Image, Aesthetics, and Victorian New Media
This book studies the modern media world as it came into being in the nineteenth century. Machines were harnessed to produce texts and images in unprecedented numbers; in the visual realm, new industrial techniques generated a deluge of affordable pictorial items, consumed at intimate scale. These early forms of a widely shared media culture transformed the nineteenth-century experience of everyday life. The phrase “new media” today might bring to mind cyberspace, hypertext, and other digital innovations. But media invention itself is not new: every epoch has had to confront the unruly and transformative effects of new communications technologies. Picture World turns to the small-scale printed matter of the Victorian media revolution, the mass-printed photographs, posters, cartoons, and illustrations typically designated by scholars as ephemera. Though the word “ephemera” implies objects existing on the margins of a weightier dominant culture, the book relocates these items to a central role, using them to illuminate Victorian ideas about aesthetics, art, and visual value.
Each of the book’s chapters explores a keyword in Victorian aesthetics, a familiar term whose meanings are disrupted when paired with a new media object. “Character” shows new dimensions when considered with caricature, in the new comics and cartoons appearing in the mass press in the 1830s; likewise, the book understands “realism” through pictorial journalism; “illustration” via illustrated bibles; “sensation” through carte-de-visite portrait photographs; “the picturesque” by way of stereoscopic views; and “decadence” through advertising posters. These juxtapositions capture the book’s methodology, which finds deep meaning in ephemeral objects typically excluded from categories of high art. Picture World uses the relics of the nineteenth century’s cultural life to interrogate its deeply-held values, arriving at insights still relevant in our own media age.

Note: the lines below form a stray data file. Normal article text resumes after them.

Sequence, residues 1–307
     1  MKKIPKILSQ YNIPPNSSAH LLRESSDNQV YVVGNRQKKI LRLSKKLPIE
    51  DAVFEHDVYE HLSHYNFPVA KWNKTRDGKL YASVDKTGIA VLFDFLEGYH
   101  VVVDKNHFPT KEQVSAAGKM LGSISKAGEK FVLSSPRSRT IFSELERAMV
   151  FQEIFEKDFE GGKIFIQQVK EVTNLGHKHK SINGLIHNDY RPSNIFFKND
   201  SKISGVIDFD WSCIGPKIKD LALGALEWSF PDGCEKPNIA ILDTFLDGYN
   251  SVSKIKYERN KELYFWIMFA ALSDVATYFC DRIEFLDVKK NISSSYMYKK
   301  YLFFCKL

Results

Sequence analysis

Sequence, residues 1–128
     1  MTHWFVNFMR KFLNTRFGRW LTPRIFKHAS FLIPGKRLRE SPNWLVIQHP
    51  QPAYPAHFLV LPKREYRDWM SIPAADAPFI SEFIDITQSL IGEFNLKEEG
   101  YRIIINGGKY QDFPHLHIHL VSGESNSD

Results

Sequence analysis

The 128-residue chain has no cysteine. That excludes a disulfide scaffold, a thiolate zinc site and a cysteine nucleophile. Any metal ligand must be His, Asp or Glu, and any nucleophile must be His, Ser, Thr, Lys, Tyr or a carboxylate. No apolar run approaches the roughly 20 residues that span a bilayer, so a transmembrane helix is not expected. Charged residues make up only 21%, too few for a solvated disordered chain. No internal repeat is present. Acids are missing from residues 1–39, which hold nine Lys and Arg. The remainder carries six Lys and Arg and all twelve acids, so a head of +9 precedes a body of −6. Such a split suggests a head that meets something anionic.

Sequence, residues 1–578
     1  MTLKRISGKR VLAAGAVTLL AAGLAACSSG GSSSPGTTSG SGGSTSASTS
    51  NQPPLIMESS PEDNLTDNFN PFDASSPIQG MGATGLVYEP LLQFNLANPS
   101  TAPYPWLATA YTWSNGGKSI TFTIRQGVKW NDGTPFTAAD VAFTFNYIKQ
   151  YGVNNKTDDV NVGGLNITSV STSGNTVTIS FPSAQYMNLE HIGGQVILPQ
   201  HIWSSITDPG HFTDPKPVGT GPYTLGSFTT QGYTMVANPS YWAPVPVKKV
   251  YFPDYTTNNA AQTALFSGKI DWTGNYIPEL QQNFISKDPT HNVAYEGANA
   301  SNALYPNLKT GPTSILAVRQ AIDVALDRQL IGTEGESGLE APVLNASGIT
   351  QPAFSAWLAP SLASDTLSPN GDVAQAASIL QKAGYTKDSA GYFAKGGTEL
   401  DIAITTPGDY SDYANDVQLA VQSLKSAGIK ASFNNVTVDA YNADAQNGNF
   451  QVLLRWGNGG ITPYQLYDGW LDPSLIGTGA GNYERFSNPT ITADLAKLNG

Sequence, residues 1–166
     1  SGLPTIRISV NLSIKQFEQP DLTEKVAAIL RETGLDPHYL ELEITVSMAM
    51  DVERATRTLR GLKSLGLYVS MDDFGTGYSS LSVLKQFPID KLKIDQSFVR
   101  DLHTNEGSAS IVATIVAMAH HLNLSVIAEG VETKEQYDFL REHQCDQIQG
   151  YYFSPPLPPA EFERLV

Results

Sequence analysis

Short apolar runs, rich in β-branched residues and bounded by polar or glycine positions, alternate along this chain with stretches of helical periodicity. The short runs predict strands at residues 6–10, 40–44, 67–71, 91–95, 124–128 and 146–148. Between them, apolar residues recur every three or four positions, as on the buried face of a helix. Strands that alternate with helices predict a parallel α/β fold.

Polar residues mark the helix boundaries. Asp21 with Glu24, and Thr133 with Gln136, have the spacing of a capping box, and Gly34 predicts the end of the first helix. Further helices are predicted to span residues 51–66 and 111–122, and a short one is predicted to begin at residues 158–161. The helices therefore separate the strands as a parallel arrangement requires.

Rachel Teukolsky is an Associate Professor of English at Vanderbilt University. Her research focuses on aesthetics, visual culture, and media history in nineteenth-century Britain. She received her undergraduate degree from Harvard University with a double major in English and Art History, and subsequently received a PhD in English literature from the University of California, Berkeley. She is author of The Literate Eye: Victorian Art Writing and Modernist Aesthetics (Oxford University Press, 2009), awarded the Sonya Rudikoff Prize in 2010 for best first book in Victorian studies.
Find it online at Oxford University Press: https://global.oup.com/academic/product/picture-world-9780198859734?cc=us&lang=en&